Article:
The earliest census in which my third-great grandmother Agnes Irving appears is the 1871 Canada Census. She is living with her family in New Annan, Nova Scotia:

We have Robert, the head; Janet, his wife; and six children, John, Marey I., Marget A., Adhan (Adam), Agness (Agnes), and Jessey L. (Jessie Elizabeth).

In 1881, they are still in New Annan. Robert and Janet have two more children, Robert and Jane. Jessie is enumerated as Elizabeth. John had married Nancy Terry, and they were already in Manitoba with three children. Mary and Margaret either died or were married in the meantime, or were living with the Irvings but weren’t the children of Robert and Janet. I love Nova Scotia Genealogy (the province’s digitized historical vital statistics site) for a lot of reasons, but it turned up nothing on a Mary or Margaret Irving (or any female Irvings in Colchester County) between 1871 and 1881. At least I know where they lived so I can try for some microfiche or paper records! Another thing to put on my to-do list is to contact the archives of Manitoba to see if Robert Irving left a will, and hopefully he mentions Mary and Margaret.

In 1891, the Irvings are in Manitoba. Janet and Robert have Adam, Jane (enumerated as Margaret, which is presumably her middle name as she goes by Jane or Jennie later in life), and Robert living with them. Agnes had already been married to George Dunn for six years. This is where I lost Jessie.

The Irvings went to Manitoba some time between 1882 and 1884, because Agnes married George Dunn in Portage La Prairie on January 7, 1885. Jessie would only have been around twelve or thirteen, so unless she died or stayed with relatives in Nova Scotia, she was in Manitoba too.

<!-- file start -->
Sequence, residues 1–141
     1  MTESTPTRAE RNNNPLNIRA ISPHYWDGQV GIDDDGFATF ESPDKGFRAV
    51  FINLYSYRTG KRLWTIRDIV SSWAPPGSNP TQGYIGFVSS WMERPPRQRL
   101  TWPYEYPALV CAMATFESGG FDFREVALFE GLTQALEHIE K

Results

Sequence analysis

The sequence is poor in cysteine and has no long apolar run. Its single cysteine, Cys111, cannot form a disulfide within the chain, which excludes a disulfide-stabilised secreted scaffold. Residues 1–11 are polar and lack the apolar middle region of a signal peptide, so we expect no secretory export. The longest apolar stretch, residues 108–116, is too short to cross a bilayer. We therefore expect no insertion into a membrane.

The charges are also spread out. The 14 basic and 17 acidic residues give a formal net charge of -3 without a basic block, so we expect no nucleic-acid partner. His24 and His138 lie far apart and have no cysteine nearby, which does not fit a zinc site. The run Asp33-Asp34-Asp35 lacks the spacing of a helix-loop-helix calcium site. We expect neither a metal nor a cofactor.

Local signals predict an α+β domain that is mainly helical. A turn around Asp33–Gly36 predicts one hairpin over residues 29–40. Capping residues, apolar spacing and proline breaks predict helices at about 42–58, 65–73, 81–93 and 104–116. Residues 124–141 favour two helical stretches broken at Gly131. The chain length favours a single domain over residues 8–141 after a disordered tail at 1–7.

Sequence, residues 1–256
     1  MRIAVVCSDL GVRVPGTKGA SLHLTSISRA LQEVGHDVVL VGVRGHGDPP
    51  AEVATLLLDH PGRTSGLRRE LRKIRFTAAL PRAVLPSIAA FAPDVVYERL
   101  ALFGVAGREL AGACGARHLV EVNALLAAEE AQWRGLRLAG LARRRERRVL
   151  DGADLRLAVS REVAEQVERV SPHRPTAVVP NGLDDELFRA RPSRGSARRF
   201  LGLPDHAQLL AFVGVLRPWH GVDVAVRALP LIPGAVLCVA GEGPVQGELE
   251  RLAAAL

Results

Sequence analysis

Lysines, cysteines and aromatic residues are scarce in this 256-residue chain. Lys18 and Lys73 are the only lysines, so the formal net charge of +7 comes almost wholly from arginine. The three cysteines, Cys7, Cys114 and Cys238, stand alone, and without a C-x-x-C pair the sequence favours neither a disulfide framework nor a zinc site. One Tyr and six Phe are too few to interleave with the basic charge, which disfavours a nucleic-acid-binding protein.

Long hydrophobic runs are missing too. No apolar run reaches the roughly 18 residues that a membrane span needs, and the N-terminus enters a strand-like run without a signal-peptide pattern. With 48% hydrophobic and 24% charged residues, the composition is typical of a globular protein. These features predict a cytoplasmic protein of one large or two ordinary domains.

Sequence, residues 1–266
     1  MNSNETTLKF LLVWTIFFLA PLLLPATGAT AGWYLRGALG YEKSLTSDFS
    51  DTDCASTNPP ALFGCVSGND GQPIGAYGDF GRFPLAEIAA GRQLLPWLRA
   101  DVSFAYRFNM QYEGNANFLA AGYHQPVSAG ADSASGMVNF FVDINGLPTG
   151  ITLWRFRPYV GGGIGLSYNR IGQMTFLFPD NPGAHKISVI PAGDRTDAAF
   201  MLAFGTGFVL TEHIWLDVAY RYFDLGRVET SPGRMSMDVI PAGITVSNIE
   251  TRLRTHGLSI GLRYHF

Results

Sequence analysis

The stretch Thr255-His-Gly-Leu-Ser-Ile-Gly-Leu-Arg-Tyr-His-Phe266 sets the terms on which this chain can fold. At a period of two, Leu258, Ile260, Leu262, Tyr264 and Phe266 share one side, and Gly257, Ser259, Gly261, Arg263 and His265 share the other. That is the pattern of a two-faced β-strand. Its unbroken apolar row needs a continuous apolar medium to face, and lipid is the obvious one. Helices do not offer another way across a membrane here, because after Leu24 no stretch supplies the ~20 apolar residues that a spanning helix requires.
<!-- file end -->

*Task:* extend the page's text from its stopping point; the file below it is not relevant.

The Manitoba Vital Statistics index lists a promising looking marriage in 1888, between Wm. B. Fawcett and Elizabeth Irving in Portage La Prairie. I can’t find a William Fawcett in the 1891 census or any William and Elizabeth Fawcett pairs who are the right age to be Jessie Elizabeth, but there is an Ansel B. Fawcett who is widowed. There is a marriage in the Manitoba Vital Statistics index for an Anele Bennett Fawcett to an Elizabeth Leary in 1892. Anele is almost certainly a mis-transcription. Could Wm. be a mis-transcription of a hastily scrawled Ansel? Did Jessie die some time between 1888 and 1891? I’m putting that certificate on my list of things to get eventually.

Previous Older Entries Next Newer Entries

Follow

Get every new post delivered to your Inbox.